Thursday, April 9, 2015

Masha Gessen

Masha Gessen's new book is The Brothers: The Road to an American Tragedy.

From her interview with Terry Gross on Fresh Air:

GROSS: So the Tsarnaev family moved to the U.S. shortly after 9/11, but not the whole family came; the parents and the youngest, Dzhokhar, came. But the parents waited until they got asylum before bringing over the rest of the children from Kazakhstan. So how old was Tamerlan, the oldest son, when he got here?

GESSEN: He was 16, which is a horrible age to emigrate. And it was also a very difficult moment for the family because, you know, here was their first born, who they believed was destined for greatness. But he was too old to really go to high school and get into a good college, so how were they going to make sure that he got sort of the greatness that he deserved? The whole family and some friends were mobilized to figure this out. And they decided that he was going to become a boxing star, that he was going become a boxer and join the U.S. Olympic team. And one of the weird tragedies of the story was that this wasn't an unrealistic dream. It wasn't crazy. He was that talented. He was - immediately after he started boxing, he started winning amateur competitions. He may very well have been on his way to the U.S. Olympic team. He didn't make it, apparently, because right around the time that he would've qualified, the amateur competitive circuit changed its rules to disqualify non-U.S. citizens. So he had permanent residence, but he didn't have citizenship, and he could no longer compete.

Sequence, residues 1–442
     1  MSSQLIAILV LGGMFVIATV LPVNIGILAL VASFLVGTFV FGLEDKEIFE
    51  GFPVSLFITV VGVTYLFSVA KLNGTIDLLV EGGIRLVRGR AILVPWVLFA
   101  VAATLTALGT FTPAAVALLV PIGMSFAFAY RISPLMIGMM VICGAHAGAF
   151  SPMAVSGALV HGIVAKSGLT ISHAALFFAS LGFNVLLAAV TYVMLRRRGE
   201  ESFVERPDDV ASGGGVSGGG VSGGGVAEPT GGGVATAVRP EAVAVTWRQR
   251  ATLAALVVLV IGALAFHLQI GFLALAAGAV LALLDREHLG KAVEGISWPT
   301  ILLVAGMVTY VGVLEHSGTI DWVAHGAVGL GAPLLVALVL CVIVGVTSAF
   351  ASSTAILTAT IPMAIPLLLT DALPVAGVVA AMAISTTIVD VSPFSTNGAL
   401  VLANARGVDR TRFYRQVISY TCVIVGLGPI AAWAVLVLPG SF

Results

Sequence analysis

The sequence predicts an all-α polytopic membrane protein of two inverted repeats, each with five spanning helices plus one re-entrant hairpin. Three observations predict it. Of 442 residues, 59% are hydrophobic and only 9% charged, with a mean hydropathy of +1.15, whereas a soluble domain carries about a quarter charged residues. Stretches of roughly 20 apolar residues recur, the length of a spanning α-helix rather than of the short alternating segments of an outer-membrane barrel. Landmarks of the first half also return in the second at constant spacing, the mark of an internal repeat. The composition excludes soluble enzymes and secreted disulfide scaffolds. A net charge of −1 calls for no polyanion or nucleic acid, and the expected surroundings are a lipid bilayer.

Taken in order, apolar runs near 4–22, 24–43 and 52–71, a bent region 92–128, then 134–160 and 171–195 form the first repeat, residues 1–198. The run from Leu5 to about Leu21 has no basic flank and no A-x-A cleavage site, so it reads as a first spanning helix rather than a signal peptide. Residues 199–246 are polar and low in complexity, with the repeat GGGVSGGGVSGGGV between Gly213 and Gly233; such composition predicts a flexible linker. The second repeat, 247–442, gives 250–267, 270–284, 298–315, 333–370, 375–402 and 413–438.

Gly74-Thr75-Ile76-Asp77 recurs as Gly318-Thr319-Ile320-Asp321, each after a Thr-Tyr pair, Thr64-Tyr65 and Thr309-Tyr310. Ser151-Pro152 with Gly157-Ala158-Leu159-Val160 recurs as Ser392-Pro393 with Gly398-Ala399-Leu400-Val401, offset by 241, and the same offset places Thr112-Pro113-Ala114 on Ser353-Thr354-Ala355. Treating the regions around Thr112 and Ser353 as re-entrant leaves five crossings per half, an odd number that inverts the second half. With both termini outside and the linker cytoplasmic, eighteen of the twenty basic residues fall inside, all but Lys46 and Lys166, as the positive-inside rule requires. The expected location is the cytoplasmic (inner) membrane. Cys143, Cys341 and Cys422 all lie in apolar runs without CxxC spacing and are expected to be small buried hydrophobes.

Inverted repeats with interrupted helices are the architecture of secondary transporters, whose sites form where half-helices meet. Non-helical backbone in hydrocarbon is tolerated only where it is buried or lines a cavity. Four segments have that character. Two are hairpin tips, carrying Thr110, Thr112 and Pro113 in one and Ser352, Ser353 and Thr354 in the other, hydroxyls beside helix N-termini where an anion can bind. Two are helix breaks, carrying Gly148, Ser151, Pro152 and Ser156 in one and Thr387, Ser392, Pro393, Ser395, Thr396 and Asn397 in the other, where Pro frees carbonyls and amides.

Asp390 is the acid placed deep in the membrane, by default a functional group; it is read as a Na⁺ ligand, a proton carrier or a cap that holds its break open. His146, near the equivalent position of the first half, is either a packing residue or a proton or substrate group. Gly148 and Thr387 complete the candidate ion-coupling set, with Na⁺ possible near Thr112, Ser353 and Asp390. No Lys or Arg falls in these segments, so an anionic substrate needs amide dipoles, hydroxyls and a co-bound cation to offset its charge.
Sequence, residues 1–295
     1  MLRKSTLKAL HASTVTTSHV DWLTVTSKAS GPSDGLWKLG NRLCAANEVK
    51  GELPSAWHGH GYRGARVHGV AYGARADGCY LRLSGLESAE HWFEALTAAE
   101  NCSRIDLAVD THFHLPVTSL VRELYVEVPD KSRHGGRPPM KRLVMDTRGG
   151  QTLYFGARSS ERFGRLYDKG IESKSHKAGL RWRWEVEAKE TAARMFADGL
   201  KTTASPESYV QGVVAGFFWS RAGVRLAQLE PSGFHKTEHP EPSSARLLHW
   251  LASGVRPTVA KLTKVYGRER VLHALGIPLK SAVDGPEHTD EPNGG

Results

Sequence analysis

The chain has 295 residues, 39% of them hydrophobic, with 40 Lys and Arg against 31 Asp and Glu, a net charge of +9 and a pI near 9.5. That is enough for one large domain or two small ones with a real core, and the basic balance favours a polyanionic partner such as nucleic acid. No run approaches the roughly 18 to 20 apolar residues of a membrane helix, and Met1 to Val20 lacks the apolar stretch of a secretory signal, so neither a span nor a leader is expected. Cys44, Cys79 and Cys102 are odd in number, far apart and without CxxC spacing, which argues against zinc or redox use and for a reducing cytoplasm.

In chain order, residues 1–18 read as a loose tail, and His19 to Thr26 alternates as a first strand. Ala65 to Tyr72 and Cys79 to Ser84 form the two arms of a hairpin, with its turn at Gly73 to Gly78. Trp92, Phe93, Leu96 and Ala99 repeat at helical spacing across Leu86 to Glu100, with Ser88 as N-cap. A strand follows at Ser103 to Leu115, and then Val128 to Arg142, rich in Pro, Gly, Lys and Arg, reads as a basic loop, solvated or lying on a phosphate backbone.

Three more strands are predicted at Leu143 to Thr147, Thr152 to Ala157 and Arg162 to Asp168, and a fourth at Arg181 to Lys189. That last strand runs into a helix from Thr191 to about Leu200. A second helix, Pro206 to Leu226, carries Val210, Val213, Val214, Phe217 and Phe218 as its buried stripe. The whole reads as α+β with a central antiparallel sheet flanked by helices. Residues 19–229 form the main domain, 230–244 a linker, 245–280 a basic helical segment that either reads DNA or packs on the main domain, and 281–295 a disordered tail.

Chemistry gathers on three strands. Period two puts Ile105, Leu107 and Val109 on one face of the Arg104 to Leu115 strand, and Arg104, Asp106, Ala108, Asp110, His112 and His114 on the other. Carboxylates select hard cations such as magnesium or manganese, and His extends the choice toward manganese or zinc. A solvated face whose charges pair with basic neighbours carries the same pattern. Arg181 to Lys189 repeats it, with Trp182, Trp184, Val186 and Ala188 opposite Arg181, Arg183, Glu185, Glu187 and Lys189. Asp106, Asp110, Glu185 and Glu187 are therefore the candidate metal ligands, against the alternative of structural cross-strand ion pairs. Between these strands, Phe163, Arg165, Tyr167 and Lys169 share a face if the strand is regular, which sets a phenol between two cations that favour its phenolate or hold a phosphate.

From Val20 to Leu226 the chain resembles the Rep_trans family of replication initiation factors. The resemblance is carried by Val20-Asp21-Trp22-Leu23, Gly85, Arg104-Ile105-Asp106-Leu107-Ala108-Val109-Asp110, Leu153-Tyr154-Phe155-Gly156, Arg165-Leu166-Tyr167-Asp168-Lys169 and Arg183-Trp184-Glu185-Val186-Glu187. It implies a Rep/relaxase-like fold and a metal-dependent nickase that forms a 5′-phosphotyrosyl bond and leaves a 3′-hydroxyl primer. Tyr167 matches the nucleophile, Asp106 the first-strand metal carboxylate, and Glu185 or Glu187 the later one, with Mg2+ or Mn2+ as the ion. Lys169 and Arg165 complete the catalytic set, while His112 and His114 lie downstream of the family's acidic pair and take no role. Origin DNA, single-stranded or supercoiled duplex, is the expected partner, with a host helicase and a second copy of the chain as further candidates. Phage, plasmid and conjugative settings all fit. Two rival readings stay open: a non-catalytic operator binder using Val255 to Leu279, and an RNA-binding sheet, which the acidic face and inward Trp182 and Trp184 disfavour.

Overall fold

GROSS: His youngest sibling, Dzhokhar, was much more Americanized than Tamerlan was 'cause he got here earlier; he got here younger. So he was much more American in terms of, you know, having better English, knowing how kids did things in America.

GESSEN: Yes, he was 8 when he got here, so he started second grade in the United States. He was a good student. He spoke English without an accent. His high school classmates remember him as a social superstar. Everybody loved him. There was something that was happening to him around the time that he started college - or just before. I mean, he - there were weird and sometimes inexplicable...[read on or listen to the interview]
--Marshal Zeringue